In this digital age, it is not just face to face interviews that are conducted. Before any interview is set, you should ask what kind of interview you will be undertaking so that you have time to prepare yourself and find that “I am going to get the job” outfit. We always recommend that you familiarise yourself with these helpful interview tips and hints – be prepared or be prepared to fail!
Telephone interviews are interesting in that you aren’t able to use any of the non-verbal communication that people use with each other day in, day out.
So, what are our key hints and tips?
Well there are 3 really, the first and most important is to pick the right time and place. You don’t want to be somewhere where you’ll be distracted, where the other person cannot hear you or where there is a risk of someone walking in, so try not to use one of the meeting rooms in your office or a noisy café!
The second is, speak clearly, slowly and of a sensible volume. Again, you don’t want to make it difficult for the person on the other end of the phone to understand what you are saying.
The third and final one, have a conversation. You wouldn’t answer the phone normally and launch straight into questions! How are you? Have you had a good day? – anything like that. Develop a little bit of a rapport, spend some time talking to the individual and then get into the interview component.
We are now more connected than ever, and time differences are very rarely a problem with the option of an online video conference. FaceTime, Skype, WhatsApp, WebEx…the applications are endless.
These interviews offer some real benefits particularly where the interviewer and interviewee are in completely different locations which is not so uncommon nowadays. Talent is increasingly globally mobile and indeed in Frazer Jones that is something we specialise in. A high percentage of the placements that we make are actually involving relocating talent from one country to another.
So how should we use video conferences?
Well firstly, think about where you are going to do the interview. Will you have a nice stable internet connection so that you are not worried about technical failures? Is the background going to be neutral, calm and not distracting the interviewer from you? Don’t do it in a location where people might be walking around behind you. Do it in a nice quiet room where you are going to have the ability to be completely focused.
Think about what you wear. If you would wear a suit and a tie to go and interview with this particular client, wear a suit and tie. If you would wear something more relaxed, then dress more relaxed! You can find out this information prior to the interview either from your recruitment consultant or the HR team at the company you are interviewing with.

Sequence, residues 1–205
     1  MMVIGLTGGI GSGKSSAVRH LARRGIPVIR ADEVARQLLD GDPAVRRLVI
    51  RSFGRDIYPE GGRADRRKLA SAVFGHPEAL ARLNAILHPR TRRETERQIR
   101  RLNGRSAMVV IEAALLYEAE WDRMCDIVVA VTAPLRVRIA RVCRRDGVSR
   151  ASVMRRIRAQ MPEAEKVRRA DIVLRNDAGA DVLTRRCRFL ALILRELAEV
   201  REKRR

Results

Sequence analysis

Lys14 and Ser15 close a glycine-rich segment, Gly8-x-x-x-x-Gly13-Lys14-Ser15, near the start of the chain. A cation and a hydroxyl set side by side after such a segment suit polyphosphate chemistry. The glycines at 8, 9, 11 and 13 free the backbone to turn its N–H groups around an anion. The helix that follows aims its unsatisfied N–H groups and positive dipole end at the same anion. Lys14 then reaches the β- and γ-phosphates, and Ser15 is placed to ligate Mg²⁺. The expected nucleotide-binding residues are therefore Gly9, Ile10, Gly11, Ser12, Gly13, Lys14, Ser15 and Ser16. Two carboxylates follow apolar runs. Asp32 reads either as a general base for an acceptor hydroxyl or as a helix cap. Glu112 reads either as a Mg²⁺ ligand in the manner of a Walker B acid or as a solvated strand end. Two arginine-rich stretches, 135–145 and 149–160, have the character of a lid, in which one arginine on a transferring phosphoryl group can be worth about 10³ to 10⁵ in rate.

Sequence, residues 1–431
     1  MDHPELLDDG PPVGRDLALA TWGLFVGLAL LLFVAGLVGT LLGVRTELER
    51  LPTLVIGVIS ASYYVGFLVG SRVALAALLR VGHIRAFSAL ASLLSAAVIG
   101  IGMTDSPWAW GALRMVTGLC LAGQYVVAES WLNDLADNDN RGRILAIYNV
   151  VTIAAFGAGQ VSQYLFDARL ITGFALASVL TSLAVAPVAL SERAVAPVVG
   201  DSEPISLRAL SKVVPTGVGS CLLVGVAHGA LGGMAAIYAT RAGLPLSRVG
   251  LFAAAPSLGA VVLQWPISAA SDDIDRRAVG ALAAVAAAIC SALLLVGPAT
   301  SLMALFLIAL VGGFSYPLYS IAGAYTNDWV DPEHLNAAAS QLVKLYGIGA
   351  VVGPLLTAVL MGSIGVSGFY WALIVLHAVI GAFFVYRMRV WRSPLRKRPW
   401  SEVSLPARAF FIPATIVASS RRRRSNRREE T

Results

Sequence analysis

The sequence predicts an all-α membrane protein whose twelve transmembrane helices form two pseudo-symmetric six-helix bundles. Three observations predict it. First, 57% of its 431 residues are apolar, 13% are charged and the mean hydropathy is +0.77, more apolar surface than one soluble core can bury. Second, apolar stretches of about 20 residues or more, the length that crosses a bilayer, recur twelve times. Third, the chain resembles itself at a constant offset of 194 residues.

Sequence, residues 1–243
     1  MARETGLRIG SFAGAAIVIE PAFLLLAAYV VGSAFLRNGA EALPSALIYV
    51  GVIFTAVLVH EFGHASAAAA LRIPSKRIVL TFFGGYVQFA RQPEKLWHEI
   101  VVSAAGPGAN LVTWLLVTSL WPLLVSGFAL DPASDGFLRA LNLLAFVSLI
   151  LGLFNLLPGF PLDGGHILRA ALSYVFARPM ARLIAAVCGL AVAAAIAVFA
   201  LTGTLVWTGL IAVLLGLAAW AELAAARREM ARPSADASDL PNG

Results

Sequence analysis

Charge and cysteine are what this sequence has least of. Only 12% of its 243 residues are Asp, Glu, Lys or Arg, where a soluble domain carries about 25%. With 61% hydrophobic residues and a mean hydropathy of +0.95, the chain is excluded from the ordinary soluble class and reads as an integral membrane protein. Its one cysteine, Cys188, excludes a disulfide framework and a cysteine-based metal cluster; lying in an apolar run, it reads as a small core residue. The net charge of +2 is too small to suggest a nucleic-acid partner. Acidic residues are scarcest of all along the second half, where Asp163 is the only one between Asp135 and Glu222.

Make sure that you have notes to hand and a pen and paper to add to these as you chat and don’t forget to open up with friendly conversation. Don’t fire away with questions immediately, they are not just seeing if you can do the job but assessing you for a good company fit – be yourself!
You want to focus on taking away any distractions or any points of difference in the VC to a face to face interview, so you can focus on the important thing, you as the candidate and your skills and abilities that you can bring to the company.
Face to face interviews
Even with all of the technology available today, companies still often prefer to arrange an interview face to face. This is a really great way to leave an amazing first impression of yourself to the interviewer. This could be at the offices or out at a lunch, dinner or drinks depending on how formal or informal the interviewer sees fit.
How do you prepare for an interview?
In most cases, your recruitment consultant should be able to assist you with your preparation but conducting your own research will definitely help.
Know the company. Look into the organisation’s performance, study their website, blogs, social media sites and research relevant articles on their recent activity. Have they won awards recently? Have they made any significant new hires? Trade publications are also another good source of information, as are any existing employees you may know.
Do you know where you are going? Check the address and save it in your phone. If you don’t know the area and can’t find it on a map, call your consultant for directions. Give yourself lots of time and aim to arrive 10 minutes early particularly if you are relying on public transport.